Dear One Who Has Not Yet Come Out,
During Pride month, it can seem like everyone who is LGBTQ+ is out except you. And this can hurt your mental health like nobody’s business. I get it. And, you are not alone. In fact you are so very not alone…
As you search for every link on the internet for resources and community…
As you comb through your facebook feed looking at your out friends with envy…
As you wonder if the you you know inside will ever be the you that others know…
Know this: You are God’s beloved in whom God is well pleased. God made you in all your grit and glory, glitter and gaiety. So take your time. Your worthiness is not dependent on your out-ness. Coming out is different for all people. And, as many of us learn, it’s often not just one part of your identity you end up coming out about. So, take a deep breath (or 10) and lean on the everlasting arms of a God who knows the true you. And when you’re ready, and it feels like the right time for you– know that I, as a Pastor, celebrate you. And, God does too.
To make it through this month, when your beloved queer mental health may be suffering, try some of these tips:
Light a candle where you are. Your own Pride candle. To reflect the Divine and holy spark within you that makes you uniquely you.
Pull out your art supplies. Or just magazines and glue or tape. When you think about what queerness means to you, what do you picture. Can you make a collage of the image? Put that someplace you’ll see it all month.
In your own way, in your own space, claim a bit of whatever queerness you may have thought wasn’t yours to claim until you were fully out. You know what I’m talking about– the bowtie, the heels. Claim what is yours, dear one.
Get a therapist that you think will be safe to come out to (whenever that may be). If you need help finding a therapist, look to queer resources in your area to find one that is recommended.
Reach out to a local (or online) LGBTQ+ Pastor. We are here to remind you that God loves you in the totality of who you are.
Beloved one, remember that God’s call in your life is not a call despite who you are. God knows your whole self and calls that whole self to discipleship. Stand brave in that knowing.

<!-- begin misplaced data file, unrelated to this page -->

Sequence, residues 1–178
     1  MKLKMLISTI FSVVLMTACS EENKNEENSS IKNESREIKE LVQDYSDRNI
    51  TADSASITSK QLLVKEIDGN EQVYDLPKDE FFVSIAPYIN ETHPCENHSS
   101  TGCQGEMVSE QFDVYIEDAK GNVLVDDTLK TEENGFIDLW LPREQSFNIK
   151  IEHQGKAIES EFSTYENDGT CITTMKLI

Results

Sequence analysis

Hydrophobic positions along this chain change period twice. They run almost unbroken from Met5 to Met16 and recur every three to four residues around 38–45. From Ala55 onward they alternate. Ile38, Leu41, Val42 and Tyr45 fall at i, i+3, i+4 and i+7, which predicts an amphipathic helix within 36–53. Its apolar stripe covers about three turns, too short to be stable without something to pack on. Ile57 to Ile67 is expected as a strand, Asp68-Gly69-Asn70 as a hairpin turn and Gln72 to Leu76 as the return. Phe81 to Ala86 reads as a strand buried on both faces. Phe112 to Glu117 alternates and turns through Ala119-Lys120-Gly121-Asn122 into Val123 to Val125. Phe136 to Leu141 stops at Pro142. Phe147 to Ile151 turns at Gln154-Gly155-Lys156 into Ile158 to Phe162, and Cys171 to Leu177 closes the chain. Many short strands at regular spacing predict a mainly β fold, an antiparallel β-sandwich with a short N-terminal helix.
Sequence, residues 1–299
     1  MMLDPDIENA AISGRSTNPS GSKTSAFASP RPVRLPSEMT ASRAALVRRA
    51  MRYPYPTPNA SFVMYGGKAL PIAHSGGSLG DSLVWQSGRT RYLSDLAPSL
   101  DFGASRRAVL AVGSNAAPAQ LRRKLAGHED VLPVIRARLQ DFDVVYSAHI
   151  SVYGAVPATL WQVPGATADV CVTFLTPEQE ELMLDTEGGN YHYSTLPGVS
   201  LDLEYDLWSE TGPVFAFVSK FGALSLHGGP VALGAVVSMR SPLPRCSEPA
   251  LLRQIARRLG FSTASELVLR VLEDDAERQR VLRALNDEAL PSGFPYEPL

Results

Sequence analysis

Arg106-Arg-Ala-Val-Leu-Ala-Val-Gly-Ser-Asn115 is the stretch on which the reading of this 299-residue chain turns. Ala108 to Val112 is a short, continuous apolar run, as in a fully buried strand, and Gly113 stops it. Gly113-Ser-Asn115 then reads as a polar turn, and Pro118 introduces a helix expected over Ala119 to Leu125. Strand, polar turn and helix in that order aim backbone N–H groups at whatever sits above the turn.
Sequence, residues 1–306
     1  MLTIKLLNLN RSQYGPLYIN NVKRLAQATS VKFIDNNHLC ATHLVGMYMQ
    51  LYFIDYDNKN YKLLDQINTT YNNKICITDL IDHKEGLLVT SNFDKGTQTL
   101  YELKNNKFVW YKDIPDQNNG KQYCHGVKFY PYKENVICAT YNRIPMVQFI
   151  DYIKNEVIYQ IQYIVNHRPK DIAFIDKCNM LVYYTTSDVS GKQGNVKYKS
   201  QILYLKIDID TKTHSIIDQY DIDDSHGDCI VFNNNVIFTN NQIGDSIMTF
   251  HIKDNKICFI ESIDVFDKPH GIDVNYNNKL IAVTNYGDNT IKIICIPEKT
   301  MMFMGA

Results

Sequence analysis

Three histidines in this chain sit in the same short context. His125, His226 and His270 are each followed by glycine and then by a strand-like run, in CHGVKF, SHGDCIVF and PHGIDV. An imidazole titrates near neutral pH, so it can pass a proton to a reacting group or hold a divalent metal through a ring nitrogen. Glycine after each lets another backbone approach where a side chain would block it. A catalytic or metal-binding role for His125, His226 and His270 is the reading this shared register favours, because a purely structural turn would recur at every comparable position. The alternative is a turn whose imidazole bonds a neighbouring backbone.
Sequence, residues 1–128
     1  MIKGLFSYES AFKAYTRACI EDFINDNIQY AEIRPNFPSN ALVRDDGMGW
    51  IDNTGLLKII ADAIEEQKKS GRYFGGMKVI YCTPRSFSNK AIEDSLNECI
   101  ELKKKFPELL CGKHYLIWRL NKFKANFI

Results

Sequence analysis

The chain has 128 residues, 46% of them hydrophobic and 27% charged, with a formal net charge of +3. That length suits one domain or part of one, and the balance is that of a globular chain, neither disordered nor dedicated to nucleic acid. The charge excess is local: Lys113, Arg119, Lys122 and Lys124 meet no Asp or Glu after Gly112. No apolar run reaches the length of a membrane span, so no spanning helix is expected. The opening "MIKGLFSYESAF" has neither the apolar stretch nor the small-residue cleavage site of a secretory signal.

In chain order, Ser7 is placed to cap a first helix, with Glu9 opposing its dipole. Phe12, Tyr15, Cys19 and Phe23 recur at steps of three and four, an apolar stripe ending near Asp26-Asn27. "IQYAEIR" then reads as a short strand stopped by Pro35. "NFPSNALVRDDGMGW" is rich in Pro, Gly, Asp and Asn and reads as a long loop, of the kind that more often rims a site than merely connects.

If you’re feeling like you need to talk to someone about feelings of hopelessness or suicidal thoughts, reach out to the Trevor Lifeline: 1-866-488-7386 .
In Love and Solidarity,
If you are an ally: please remember that part of intersectional justice is remembering that LGBTQ+ people exist in any space you may be a part of. Help the wellbeing and mental health of queer people through making it clear that you are an ally, safe to come out to, consistently educating yourself, and advocating for queer rights. As we fight to proclaim together that Black Lives Matter, pay close attention to the ways in which you can be an intersectional ally through support of black LGBTQ+ people, particularly Black trans Women, often subjected to violence and brutality in our country. Allyship is an everyday commitment. Show up for us, please. In doing so, you make it safer for people to come out.
Rev. Dr. Ciarán Osborn (he/him)
Rev. Dr. Ciarán Osborn is an ordained minister in the United Church of Christ, serving in the Boston metro area. He has served as Pastor of several UCC churches in the Boston area as well as in clinical Chaplain positions. Throughout his ministry, Rev. Ciarán has officiated weddings, baptisms, and memorial services in the wider community.
Rev. Ciarán also lives with chronic mental health conditions. He writes, teaches, and preaches regularly on the topics of mental health, mental illness, and faith. Rev. Ciarán writes for the United Church of Christ Mental Health Network. Ciarán is a board game nerd and hiking and Krav Maga enthusiast. His family lives in the Boston area and they share their life with numerous dogs and chickens.